My verdict…

If you’ve got a North Face backpack, and you pack smartly, you’ll likely find it to be a trusty companion that navigates the sometimes tricky terrain of airline regulations with ease. Plus, it’s not just travelers saying this – Smarter Travel and several other travelers give a nod to North Face backpacks.

In the end, if you’re looking for a personal item backpack that can keep pace with your travels without causing a fuss at the gate, a North Face backpack might just be your best bet. As the experiences of many travelers suggest, it’s a choice that delivers on both convenience and compliance.

Features of North Face Backpacks That Make Them Ideal Personal Items

Can a North Face Backpack Be a Personal Item?: A North Face Borealis backpack on an airplane seat

As someone who’s spent a fair amount of time deciphering the best travel gear, I can tell you that the features of North Face backpacks are spot-on for meeting most airlines’ personal item criteria. Let’s delve into what makes these backpacks tick all the right boxes.

Compact and lightweight

First and foremost, size matters when it comes to personal items. You need something that fits within the airline’s size guidelines. The North Face backpacks, such as the popular Borealis or Recon models, boast dimensions that typically fit under the seat in front of you, aligning with the personal item size requirements of airlines like Southwest or JetBlue, as avid travelers on Reddit and Trip Advisor have noted. However, always remember to check the specific size restrictions of your airline as they can vary.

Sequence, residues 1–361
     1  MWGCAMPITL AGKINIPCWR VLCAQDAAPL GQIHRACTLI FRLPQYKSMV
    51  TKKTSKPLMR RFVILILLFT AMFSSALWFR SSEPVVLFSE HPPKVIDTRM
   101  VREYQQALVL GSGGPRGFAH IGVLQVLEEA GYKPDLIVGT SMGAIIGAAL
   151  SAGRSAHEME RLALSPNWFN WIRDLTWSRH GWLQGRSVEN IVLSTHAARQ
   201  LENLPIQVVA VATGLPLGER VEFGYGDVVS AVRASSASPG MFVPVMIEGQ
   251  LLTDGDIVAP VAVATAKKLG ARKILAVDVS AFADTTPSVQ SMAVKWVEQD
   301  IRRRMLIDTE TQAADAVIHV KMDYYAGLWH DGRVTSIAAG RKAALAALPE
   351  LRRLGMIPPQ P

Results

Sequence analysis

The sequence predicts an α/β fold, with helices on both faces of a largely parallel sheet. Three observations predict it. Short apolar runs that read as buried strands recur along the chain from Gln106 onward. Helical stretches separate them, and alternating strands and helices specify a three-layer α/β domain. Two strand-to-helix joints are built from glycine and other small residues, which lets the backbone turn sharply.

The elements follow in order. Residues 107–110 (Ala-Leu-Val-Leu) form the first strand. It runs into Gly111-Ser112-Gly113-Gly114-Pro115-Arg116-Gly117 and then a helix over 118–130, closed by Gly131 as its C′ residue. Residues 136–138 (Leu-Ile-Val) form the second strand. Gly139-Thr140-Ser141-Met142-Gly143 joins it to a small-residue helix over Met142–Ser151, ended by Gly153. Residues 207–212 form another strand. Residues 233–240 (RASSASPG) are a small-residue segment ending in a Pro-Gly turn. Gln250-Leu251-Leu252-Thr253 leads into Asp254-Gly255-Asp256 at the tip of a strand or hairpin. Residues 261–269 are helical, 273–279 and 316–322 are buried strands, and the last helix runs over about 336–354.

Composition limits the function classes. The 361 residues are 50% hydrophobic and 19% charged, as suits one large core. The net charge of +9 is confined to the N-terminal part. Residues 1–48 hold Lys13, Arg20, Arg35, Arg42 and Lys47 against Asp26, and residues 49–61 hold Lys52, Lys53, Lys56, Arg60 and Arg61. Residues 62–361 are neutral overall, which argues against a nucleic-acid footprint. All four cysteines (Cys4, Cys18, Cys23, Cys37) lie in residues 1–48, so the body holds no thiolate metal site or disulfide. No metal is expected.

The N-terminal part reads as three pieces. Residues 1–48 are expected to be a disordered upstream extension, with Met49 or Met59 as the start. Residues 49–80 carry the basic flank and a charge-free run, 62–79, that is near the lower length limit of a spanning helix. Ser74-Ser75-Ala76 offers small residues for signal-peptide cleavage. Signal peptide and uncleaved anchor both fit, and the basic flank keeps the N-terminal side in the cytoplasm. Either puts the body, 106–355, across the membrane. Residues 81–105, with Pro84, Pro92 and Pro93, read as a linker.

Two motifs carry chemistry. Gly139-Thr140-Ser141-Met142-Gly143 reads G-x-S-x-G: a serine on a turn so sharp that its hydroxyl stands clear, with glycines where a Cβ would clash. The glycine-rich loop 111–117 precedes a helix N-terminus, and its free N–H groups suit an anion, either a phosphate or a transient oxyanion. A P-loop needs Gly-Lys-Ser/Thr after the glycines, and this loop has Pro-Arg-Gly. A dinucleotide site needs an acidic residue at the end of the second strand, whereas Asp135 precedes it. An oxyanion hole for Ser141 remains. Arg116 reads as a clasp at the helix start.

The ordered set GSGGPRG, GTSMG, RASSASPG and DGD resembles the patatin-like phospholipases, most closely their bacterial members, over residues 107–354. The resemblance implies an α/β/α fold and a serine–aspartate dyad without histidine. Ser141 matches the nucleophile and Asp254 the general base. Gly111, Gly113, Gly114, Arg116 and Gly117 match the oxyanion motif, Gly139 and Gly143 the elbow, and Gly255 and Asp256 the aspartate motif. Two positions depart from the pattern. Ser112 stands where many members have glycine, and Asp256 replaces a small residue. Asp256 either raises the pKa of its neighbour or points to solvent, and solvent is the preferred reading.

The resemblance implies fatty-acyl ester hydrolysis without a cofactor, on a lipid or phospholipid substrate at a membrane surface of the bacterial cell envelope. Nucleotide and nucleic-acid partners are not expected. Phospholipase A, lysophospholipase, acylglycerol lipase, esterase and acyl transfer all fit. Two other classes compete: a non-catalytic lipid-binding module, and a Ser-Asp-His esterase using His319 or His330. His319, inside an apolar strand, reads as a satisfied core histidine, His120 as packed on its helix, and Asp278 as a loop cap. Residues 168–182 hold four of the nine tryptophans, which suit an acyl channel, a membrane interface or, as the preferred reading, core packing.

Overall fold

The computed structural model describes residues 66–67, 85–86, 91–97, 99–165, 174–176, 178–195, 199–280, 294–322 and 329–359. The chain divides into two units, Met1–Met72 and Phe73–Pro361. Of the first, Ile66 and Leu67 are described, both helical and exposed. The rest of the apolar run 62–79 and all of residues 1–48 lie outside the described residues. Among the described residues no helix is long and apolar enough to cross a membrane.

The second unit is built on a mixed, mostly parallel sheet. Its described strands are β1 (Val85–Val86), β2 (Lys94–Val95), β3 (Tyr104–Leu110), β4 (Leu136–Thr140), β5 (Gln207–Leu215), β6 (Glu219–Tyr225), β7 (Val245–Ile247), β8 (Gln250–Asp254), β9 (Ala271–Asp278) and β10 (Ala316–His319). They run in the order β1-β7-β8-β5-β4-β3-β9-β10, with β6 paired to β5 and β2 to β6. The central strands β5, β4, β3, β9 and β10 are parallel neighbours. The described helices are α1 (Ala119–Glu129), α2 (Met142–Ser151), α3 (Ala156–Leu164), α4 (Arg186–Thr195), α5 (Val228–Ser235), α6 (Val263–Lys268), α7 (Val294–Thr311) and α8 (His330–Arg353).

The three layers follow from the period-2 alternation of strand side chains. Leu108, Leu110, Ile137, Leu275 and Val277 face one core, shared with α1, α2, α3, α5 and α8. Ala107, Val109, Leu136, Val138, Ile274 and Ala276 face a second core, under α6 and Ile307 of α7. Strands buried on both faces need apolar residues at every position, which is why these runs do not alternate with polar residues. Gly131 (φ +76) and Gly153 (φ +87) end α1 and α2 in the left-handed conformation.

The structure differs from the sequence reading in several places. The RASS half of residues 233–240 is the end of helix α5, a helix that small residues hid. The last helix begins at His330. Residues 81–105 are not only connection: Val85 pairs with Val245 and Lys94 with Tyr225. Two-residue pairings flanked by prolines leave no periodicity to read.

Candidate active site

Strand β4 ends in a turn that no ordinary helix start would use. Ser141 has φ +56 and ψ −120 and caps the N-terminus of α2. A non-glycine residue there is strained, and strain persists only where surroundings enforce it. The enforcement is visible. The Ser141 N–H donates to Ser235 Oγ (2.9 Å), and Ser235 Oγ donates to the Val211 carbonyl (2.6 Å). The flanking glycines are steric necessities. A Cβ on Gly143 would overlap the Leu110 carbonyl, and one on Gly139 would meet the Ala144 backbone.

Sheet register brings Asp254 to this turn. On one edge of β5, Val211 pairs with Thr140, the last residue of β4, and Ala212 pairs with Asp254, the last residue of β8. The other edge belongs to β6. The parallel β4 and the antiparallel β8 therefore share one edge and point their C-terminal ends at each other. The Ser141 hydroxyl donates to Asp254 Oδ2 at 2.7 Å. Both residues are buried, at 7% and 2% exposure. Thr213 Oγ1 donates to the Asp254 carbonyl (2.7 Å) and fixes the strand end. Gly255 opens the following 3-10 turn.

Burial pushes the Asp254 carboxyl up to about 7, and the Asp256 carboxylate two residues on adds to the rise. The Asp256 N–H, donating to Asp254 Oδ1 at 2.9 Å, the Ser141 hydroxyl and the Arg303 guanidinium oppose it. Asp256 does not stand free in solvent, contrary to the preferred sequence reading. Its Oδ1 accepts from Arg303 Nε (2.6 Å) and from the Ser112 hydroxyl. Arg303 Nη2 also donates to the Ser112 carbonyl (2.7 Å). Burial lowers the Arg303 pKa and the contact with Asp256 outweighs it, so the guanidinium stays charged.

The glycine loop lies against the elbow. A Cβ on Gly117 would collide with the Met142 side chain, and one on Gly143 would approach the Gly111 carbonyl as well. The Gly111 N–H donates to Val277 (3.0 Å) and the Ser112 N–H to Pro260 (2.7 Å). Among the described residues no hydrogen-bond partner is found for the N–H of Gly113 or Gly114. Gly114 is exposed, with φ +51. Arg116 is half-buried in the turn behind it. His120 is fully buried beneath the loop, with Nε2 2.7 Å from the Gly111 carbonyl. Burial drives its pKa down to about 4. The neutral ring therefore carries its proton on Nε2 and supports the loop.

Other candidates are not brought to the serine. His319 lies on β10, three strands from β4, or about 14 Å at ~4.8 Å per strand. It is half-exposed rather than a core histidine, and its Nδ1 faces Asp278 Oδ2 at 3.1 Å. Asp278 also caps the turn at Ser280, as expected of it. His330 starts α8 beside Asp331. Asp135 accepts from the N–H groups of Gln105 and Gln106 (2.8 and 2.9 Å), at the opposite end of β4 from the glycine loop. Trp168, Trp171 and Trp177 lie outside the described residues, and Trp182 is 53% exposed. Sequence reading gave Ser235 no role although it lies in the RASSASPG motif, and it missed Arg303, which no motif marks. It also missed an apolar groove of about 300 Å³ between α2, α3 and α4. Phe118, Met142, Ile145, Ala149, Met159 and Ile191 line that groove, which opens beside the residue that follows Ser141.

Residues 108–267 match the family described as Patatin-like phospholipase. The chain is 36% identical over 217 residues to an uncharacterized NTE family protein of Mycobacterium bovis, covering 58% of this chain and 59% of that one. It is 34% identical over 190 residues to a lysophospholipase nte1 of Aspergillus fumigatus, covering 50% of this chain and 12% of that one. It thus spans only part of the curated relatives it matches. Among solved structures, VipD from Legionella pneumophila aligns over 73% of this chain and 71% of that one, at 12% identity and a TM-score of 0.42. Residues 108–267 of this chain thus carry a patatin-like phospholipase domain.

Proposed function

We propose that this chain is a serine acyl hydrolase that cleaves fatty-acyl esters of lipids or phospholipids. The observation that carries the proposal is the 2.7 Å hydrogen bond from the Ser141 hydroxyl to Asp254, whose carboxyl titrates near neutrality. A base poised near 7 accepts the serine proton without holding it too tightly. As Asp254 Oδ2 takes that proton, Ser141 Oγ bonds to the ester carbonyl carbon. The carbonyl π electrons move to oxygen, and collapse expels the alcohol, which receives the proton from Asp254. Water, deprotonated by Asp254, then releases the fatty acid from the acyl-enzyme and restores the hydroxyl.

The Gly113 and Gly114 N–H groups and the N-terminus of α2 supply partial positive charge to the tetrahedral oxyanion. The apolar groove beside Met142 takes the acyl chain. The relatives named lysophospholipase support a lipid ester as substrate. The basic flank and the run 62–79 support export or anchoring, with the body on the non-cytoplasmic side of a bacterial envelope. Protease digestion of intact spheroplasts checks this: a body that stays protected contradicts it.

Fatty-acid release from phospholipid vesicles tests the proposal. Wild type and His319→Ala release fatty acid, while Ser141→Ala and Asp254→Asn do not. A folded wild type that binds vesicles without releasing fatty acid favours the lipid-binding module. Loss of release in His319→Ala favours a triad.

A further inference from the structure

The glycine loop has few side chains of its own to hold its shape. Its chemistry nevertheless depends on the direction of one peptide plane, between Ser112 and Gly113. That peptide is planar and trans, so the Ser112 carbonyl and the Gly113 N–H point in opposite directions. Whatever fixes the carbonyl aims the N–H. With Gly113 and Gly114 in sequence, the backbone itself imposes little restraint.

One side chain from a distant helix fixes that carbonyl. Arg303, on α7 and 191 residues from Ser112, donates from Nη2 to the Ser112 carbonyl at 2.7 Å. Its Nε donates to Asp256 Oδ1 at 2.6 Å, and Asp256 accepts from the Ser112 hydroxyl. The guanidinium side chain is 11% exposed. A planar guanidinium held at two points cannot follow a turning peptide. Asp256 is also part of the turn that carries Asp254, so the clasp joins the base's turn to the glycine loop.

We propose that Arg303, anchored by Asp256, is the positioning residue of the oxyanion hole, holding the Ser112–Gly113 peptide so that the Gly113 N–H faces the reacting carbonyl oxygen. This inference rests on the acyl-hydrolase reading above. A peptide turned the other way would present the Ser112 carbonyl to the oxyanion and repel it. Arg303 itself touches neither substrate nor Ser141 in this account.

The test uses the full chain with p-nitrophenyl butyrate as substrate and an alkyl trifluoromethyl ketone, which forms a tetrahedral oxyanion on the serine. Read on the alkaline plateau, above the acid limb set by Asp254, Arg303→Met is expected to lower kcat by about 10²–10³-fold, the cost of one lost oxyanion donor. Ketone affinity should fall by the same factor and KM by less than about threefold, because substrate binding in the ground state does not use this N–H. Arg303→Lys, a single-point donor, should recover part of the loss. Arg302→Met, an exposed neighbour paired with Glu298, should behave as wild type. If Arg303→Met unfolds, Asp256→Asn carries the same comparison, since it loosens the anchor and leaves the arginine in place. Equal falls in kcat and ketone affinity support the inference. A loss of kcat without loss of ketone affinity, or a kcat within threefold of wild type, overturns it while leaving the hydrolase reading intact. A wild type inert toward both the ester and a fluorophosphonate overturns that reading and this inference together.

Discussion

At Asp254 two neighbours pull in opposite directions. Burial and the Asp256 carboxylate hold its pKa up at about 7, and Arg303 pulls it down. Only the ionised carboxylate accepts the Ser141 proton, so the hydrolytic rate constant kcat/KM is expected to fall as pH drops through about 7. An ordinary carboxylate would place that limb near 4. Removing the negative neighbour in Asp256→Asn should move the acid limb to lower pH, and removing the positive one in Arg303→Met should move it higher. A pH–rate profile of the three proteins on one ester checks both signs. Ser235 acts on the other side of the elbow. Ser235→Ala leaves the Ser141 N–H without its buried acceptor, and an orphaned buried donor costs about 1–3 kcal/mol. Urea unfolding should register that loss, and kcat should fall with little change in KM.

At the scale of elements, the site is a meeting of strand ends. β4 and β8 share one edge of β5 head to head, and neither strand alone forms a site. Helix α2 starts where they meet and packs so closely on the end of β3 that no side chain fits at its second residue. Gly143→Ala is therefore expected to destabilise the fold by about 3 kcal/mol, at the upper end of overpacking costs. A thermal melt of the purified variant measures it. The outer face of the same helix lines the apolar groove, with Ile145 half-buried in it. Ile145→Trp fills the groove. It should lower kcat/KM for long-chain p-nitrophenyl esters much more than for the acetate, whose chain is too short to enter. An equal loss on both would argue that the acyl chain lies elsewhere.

No one wants a heavy bag to lug around. North Face backpacks are recognized for their lightweight structure and compactness. Even when fully packed, I love that these backpacks are easy to carry around.

Numerous compartments and organizers

One of my favorite things about North Face bags is the many pockets and compartments to keep your belongings secure and handy. 

With multiple compartments, including padded ones for laptops and electronics, mesh pockets for water bottles, and even fleece-lined sections for sunglasses, these backpacks are designed to keep your essentials neatly sorted and accessible. 

Durability That Endures

North Face backpacks have earned their stripes in the realm of tough, long-lasting gear. They’re the go-to for many adventurers because they stand up to the rigors of travel and everyday use, a point often highlighted in customer reviews on Amazon and REI. The secret? It’s all in how they’re made—robust materials that shrug off scrapes and drizzles

And there’s more. North Face isn’t just about making sturdy backpacks; they promise to have your back for the long haul with a lifetime warranty.  

Comfort on the Go

Travel can be taxing on your body. North Face understands this, crafting their backpacks with features like padded back panels and shoulder straps, which are a blessing when you’re dashing to catch a flight or navigating narrow train aisles.